Among the consumers , there are leaders and there are followers. The leaders are the one who want to grab anything that is something new. They wan't to be the first to show off a new gadjet even before it is available in the open stores. For these consumers the price really does not matter. More the price , more reason to show off !
Then there are followers who are drawn by the charisma of the leaders and want to nuy a product because the leader has bought it.
Finally theer is class of consumers, always looking for cheap bargains. these are the consumers who are happy with end of life products or cheap used products.
It is essential for a product company to carry out market reasearch to find out the percentage of each of these category for their future products and plan their pricing and procurement plans accordingly.
Exactly jbond, I agree with you even your example gives the chance to share something more in addition. People are really attracted by special price (low price) from ads of flyers, but quite often if you go to store for acquiring a product at the time of a promotion, it is not available with the result reseller tries to sell another one more expensive...
This is an excellent article that brings up some very valid points. Lowering prices of older models as new ones come out is a common practice and one that many consumers pay close attention to. Take Apple for instance. Right now if you go to an AT&T store to purchase a phone with a contract, you have a few choices for Iphones. You can get the "old" 3Gs for about $49; get the "close to old" Iphone 4 for about $199. With the introduction of the Iphone 5 in the next couple of months, these older models will drop in price and be more attractive to others. This in turn will hurt the sales of the Iphone 5, though not drastically since we are talking about Apple.
I agree with you. Brand name has amazing influence on people. I do agree also with @Kayode that being first to market is also key. Apple wrote the book on a successful company with a respected name brand that is consistently innovative in its product offering. I think one without the other can be beat but the combination of the two has proven quite successful.
@Pocharle. I agree with you on that.On the other hand, being the first to enter has its advantages and disadvantages but as you rightly said- do things that make users to prefer you above others. Sometimes "others'' too don,t just fold their arms and go to sleep.
"Price is heavily driven by competition so the trick is to produce a product that everyone wants yet nobody except you can produce"
Umm I agree with you to a point. I think that it's not about you being the only one to produce it, but you must make the user ONLY want it from you, or prefer you over any other competition. At that point, price no longer matters, especially if it is considered a premium offering.
I imagine the more people looking at product lifecycle costs and planning to reduce them can only be a good thing. Price is heavily driven by competition so the trick is to produce a product that everyone wants yet nobody except you can produce. Apple pie and motherhood I suppose.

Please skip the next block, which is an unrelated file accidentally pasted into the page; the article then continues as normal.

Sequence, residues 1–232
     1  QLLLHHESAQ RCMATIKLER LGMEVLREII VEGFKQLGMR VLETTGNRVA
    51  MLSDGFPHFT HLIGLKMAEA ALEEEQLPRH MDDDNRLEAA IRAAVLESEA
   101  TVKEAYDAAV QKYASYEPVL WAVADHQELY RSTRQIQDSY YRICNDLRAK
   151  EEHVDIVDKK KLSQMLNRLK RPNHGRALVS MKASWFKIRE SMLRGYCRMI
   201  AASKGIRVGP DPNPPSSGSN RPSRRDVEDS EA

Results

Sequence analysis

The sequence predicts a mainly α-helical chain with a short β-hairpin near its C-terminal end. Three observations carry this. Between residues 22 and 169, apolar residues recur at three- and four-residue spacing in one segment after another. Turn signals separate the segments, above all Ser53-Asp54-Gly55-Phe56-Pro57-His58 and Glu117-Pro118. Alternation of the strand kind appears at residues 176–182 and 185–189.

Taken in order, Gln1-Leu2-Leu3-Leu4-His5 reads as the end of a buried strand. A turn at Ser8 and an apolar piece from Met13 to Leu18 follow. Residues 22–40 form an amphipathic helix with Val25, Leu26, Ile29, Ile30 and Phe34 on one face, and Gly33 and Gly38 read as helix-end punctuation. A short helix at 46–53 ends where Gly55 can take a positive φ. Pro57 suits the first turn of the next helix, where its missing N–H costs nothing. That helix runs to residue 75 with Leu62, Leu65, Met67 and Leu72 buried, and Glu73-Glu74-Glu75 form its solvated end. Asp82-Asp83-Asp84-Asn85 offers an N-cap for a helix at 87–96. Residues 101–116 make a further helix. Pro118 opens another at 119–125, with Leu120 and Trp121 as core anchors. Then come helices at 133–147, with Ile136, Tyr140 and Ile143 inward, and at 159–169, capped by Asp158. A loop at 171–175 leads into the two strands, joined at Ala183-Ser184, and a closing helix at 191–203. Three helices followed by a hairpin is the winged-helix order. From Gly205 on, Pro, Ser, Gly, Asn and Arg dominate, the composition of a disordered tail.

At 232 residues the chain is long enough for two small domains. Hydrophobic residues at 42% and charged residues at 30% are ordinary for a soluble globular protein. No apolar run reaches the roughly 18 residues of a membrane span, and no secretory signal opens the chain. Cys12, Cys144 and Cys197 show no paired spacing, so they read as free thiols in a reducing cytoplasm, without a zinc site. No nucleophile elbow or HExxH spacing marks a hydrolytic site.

EBN Dialogue enables and encourages you to participate in live chats with notable leaders and luminaries. Not only editors and journalists, but the entire EBN community is able to comment and ask questions. Listed below are upcoming and archived chats.
Thailand Stages a Comeback Join EBN contributor Jennifer Baljko on Thursday August 23, 2012, at 11:00 a.m. EST for a live chat on how electronic manufacturers in Thailand have shored up their supply chain to reduce the impact of future natural disasters.
Microsoft Surface: Potential Winners & Losers What are the implications for the electronics industry supply chain of Microsoft Corp.'s decision to launch its own tablet PC? Join industry veteran and EE Times' systems and OEM expert Rick Merritt on Tuesday, July 3, at 12:00 pm EDT for a Live Chat on this subject.
Join EBN contributor Jennifer Baljko on Thursday August 23, 2012, at 11:00 a.m. EST for a live chat on how electronic manufacturers in Thailand have shored up their supply chain to reduce the impact of future natural disasters.
Peter Drucker famously said "Trying to predict the future is like trying to drive down a country road at night with no lights while looking out the back window." Yet in the razor's-edge world of electronics—with a lean supply chain and just-in-time demands—the need to know the future is vital.
While no one really can accurately predict the future, we can take guidance from another Drucker saying which is the best way to predict the future is to create it.
You've heard the saying "the No. 1 supply chain risk is your people." That hasn't always been the case. But today's complex global supply chain requires a new type of multitalented employee. It's one who understands, finance, marketing, economics, is savvy with technology, graceful with relationships and can think analytically.
Where are these people? Are universities properly preparing the next generation supply chain professionals? How do train your existing workforce for these new, demanding positions?
Brian Fuller, editor-in-chief of EBN, will lead a 60-minute Avnet Velocity panel discussion that will ask and answer these and other questions swirling around today's supply-chain talent challenges.